Unfortunately Abe can't be here tonight, having only recently checked into the Jessica Rabbit Rehab Clinic for Fallen Comic Characters, but accepting the award tonight on his behalf is Marcel himself. What a trooper!
Tuesday, October 17, 2006
OK, there's a certain lack of sophistication, the maths can be clunky and ill-defined, and the actual maths methods outlined are sometimes false short-cuts (see my earlier comment here), but these books do have an honest, down to earth quality about them which makes them attractive to those teachers all too weary of books which look nice but have little in the way of work to offer. The Teejay books are great for "borderline" pupils as they don't major on really complicated stuff, though that is a potential weakness too, as they don't challenge and extend reasoning skills as much as I'd like.
But all the same, well done guys and keep it up. I'm picking the seminal tomes "Credit Maths/Intermediate 2", which address a well-known problem in Scottish maths education (latter too easy, yet supposedly on a par with the former) and couldn't really have been produced by anyone else.
Accepting the award tonight is Shuggie McShug, who has finished pages 45 to 48 and so doesn't have to do any homework.
Monday, October 16, 2006
OK, so on with the top ten proper (the afore-mentioned Blackie Chambers books have now been given the maths teacher "Lifetime Achievement Award" for services to snotty-nosed Scottish weans of the last century and so are ineligible for the actual top ten).
Every day this week (guess who's on holiday) and beyond (guess who can count) I'll be unveiling my choices, in reverse order of course, for the much-coveted "Best Maths Textbook Ever" awards, aka "The Summys".
So, at number ten: Euclid's Elements. OK, so it's not flying off the shelves these days, but all the same, you have to recognise what was surely the first proper textbook, and one that exerted an influence on UK maths education even into the 20th Century. It's even mentioned in Shakespeare: I am undone/With queftion number one/And have no clue/As to queftion number two (line famously cut from Hamlet, just before the prince wonders which pencil to use for his art homework).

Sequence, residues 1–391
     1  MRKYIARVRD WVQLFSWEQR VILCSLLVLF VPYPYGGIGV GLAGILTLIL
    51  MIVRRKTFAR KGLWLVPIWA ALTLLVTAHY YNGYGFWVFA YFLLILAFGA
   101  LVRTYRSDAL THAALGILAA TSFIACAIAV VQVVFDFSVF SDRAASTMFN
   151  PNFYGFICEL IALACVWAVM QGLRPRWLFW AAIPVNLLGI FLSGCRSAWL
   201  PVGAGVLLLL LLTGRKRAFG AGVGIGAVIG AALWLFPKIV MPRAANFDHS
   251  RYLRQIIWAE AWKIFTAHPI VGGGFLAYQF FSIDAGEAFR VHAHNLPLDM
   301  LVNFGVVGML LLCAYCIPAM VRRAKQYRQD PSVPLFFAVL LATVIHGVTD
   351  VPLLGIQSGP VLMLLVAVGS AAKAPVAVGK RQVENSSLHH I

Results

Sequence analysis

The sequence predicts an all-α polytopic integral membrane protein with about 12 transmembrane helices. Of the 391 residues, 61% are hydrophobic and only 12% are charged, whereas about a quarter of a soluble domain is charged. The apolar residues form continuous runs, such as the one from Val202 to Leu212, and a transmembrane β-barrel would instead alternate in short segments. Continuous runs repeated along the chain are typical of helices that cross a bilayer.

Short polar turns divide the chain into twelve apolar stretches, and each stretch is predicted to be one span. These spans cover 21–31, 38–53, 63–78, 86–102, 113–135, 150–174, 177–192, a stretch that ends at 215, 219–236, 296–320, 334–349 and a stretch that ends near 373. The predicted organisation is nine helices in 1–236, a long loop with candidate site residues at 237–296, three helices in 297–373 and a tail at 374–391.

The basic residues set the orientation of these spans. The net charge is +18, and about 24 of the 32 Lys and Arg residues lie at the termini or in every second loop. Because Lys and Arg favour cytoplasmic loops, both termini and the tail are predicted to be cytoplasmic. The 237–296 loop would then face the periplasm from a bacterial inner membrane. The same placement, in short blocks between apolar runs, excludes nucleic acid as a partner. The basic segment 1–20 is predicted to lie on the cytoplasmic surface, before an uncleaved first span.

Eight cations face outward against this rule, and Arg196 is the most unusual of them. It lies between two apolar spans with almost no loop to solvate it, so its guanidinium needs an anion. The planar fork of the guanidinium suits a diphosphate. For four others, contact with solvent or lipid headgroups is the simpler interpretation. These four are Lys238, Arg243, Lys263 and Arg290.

Unfortunately Euclid can't make it tonight, but in his place the award is received by Major Lam-Wham von Psycho-Tippler, spokesman for the "Back to Basics: Keep Britain Greek" campaign.
Tune in tomorrow for number nine.
Friday, October 13, 2006
Well, if Channel 4 can get away with recycling endless variations on the theme of "top ten"this and thats, why can't this blog do the same? Many's the departmental meeting which has been enlivened by healthy debate, considered arguments and occasional fisticuffs concerning the topic. A sort of "Desert Island Textbooks", if you will.
First up, let's acknowledge the total domination of the Scottish market by a particular series of textbooks in the years 1970 to, well, the present for some, but let's say 1990 for argument's sake. Yes, I am talking about Blackie Chambers seminal tomes "Modern Mathematics for Schools", also known as "those ones with the cube on front". Man, what a textbook (sighs nostalgically)!
Nowadays the notion of "modern" maths is pretty quaint, with primary kids no longer required to draw Venn diagrams or wonder what the heck the Universal set was when it was at home (or, for that matter, why it was denoted by the letter E). But what was so great about these books - speaking from the heart - was the absolute rigour behind them all. These people knew their stuff. Nowadays textbooks are written by teachers rather than university lecturers, which makes sense I suppose, but they can contain some real howlers mathematically.
And, any attempts to put maths into context (a regular holy grail) were pretty reasonable, as opposed to the "stick a drawing in to keep them happy" approach we see now. I mean, does anyone really give a toss what the equation of a paperweight is? Puh-lease!
Oh, and another thing: questions. In abundance. These books had loads. We maths teachers love lots of questions. It's the equivalent of "silent reading" in English...
And finally, to finish this reverie: the books were small and well-nigh indestructible. Yup, after a nuclear war the world may well belong to the cockroaches, but they'll be crawling over MMFS books 1 to 9 when it does. Teachers have been known to kill for a complete set.